March / April 2006
Canine Ambassadors Turn Passion for Purebred
Dogs into Vocation
studies show the significance of giving children learning opportunities
Canine Ambassadors, who visit nursing homes, libraries, other
venues, but primarily schools, provide kids with exciting opportunities
to learn about purebred dogs, the American Kennel Club, fun
things they can do with their dogs, how to be safe around dogs
and how to best love and care for dogs. Often Ambassadors bring
their AKC-registered or ILP dog to the presentation. Each Ambassador
receives mailings from the Public Education department with
topic suggestions and activity sheet copymasters. Read
the full article.
Want to be a Canine Ambassador, But Not
Sure How to Start?
Just follow these steps, and if you need additional assistance
or have any questions, please e-mail AKC Public Education at
email@example.com or call
to your club officers and fellow club members. There is
power – and fun – in numbers, and remember,
there’s no limit to the number of Canine Ambassadors
a club may appoint.
- Submit a completed sign-up
form to AKC Public Education.
- Read a description
of the Canine Ambassador program and FAQs.
- Find out how to access
and order materials, such as lesson plans, brochures,
education kits including DVDs, coloring pages and much more!
- Let us know how and what you’re doing! Please call
or e-mail us photos and descriptions of Canine Ambassador
activities you’d like to share with AKC Public Education
and your fellow Canine Ambassadors across the country. Also,
keep in mind the AKC
Community Achievement Awards. We encourage you to recognize
your own or others’ outstanding work.
Community Achievement Award Winner:
its establishment in 1955, the Antelope Valley Kennel Club of
Lancaster, California, has served and supported its community
through dog show events, clinics, seminars, matches and donations.
Antelope Valley Kennel Club
Prompted by the devastating fires in California in 2003 and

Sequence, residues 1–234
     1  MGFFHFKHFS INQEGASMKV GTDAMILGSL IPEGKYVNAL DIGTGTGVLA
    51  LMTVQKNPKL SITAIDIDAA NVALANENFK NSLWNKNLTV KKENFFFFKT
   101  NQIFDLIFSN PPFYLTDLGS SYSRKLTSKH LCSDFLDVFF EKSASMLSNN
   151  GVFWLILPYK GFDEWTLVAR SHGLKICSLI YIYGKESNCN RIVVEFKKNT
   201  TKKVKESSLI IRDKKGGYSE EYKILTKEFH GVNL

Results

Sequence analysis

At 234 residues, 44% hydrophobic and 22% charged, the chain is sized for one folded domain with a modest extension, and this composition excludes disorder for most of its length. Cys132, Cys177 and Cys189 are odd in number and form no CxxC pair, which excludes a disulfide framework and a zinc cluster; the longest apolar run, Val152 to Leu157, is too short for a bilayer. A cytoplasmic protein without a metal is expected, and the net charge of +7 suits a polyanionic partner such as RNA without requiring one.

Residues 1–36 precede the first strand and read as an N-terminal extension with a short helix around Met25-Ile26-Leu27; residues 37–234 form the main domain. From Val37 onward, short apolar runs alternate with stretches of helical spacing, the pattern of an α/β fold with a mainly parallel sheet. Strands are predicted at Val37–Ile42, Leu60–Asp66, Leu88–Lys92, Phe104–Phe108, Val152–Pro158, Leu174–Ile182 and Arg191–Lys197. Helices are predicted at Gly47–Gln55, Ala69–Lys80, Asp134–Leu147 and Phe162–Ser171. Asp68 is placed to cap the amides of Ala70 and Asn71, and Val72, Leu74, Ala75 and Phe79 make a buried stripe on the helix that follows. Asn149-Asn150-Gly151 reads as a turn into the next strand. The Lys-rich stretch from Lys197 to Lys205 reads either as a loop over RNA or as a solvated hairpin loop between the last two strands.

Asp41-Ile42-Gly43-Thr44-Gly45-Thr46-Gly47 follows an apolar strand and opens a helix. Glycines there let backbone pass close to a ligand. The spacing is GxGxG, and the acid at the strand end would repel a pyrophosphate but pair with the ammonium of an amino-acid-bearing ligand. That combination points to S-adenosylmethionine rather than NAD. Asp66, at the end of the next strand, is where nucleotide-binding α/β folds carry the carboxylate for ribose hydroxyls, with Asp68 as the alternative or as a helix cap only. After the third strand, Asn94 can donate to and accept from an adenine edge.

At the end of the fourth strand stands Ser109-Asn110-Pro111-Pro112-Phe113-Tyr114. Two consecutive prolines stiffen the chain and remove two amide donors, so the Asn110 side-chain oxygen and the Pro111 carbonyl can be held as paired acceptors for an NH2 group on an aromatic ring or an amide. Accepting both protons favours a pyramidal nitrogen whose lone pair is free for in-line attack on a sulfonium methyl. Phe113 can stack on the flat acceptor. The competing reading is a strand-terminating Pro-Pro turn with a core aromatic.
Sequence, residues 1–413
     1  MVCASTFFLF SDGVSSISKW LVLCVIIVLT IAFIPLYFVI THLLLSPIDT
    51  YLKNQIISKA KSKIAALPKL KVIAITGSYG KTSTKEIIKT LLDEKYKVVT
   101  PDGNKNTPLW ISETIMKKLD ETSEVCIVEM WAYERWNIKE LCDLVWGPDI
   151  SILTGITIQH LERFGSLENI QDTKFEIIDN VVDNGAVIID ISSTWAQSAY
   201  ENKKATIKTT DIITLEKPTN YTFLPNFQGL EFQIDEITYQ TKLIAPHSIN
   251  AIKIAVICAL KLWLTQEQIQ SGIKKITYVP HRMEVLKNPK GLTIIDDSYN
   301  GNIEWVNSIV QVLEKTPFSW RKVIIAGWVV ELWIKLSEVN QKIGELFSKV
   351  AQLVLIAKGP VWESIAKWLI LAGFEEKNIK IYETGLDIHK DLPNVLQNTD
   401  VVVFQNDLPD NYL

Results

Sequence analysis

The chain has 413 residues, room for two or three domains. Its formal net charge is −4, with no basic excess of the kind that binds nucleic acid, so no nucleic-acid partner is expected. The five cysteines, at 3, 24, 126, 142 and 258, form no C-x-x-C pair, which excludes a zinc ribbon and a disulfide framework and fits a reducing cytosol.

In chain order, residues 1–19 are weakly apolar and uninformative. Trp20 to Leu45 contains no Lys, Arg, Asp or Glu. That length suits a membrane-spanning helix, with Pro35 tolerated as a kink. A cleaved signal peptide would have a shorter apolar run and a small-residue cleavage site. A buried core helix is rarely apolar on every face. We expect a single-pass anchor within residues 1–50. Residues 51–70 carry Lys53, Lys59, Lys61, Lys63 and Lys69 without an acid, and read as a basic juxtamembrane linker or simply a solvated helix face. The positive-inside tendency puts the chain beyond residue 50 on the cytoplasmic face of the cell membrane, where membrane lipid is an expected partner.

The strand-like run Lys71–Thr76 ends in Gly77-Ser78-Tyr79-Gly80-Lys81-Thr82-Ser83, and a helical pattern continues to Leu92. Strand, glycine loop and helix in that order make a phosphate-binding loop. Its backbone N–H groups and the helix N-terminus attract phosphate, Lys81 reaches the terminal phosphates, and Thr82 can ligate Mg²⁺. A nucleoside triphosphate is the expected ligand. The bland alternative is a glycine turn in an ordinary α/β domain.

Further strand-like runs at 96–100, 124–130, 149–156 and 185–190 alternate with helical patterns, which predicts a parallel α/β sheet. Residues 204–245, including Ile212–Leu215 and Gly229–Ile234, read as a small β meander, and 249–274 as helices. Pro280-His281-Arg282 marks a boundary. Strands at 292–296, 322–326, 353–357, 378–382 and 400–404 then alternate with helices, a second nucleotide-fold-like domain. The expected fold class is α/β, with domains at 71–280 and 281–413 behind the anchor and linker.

2004, the Antelope Valley Kennel Club decided to donate canine
oxygen masks to all the fire stations in the Antelope Valley
area. The breathing apparatuses are used for dogs working
in emergency areas and also for pets injured in accidents
and fires. The masks were delivered to 27 firehouses in July
2005 and were enthusiastically received by the firefighters.
the full article.
AKC Visits Georgia School
at Sunset Elementary School in Moultrie, Ga., celebrated Where
The Red Fern Grows Week with a unique experience. The book by
Wilson Rawls revolves around two Coonhounds, “Little Ann”
and “Old Dan” in the Ozarks and their owner, a boy
named Billy Coleman.
AKC Coonhounds Executive Field Rep Jimmy Phillips visited
the school and spoke about showing and hunting with Coonhounds…and
he brought a surprise guest – a Redbone Coonhound named
the full article.
|Published for club public education coordinators
and others devoted to teaching responsible dog ownership.
Thank you to all of you who responded to our survey.
We appreciate your feedback – and the wonderful work you do!
Many of you told us you'd like to know more about the Canine Ambassador
Program, so we devote much of this issue to telling you about this
worthwhile and fun way to promote public education. While teaching
responsible dog ownership and spreading the word about AKC and the
great things for owners to do with their dogs, clubs can use the Canine
Ambassador program as a way to strengthen camaraderie and teamwork
among members – not to mention bring lots of smiles and other
important messages to your neighbors.
We also hope you'll enjoy reading about the Antelope Valley Kennel
Club, the latest AKC Community Achievement Award honoree. Please consider
your club, yourself or another deserving AKC-affiliated club or federation
for this honor.
All the best,
Larry Sorenson, director
Theresa Shea, editor
Joanne Beacon, administrator
AKC Customer Relations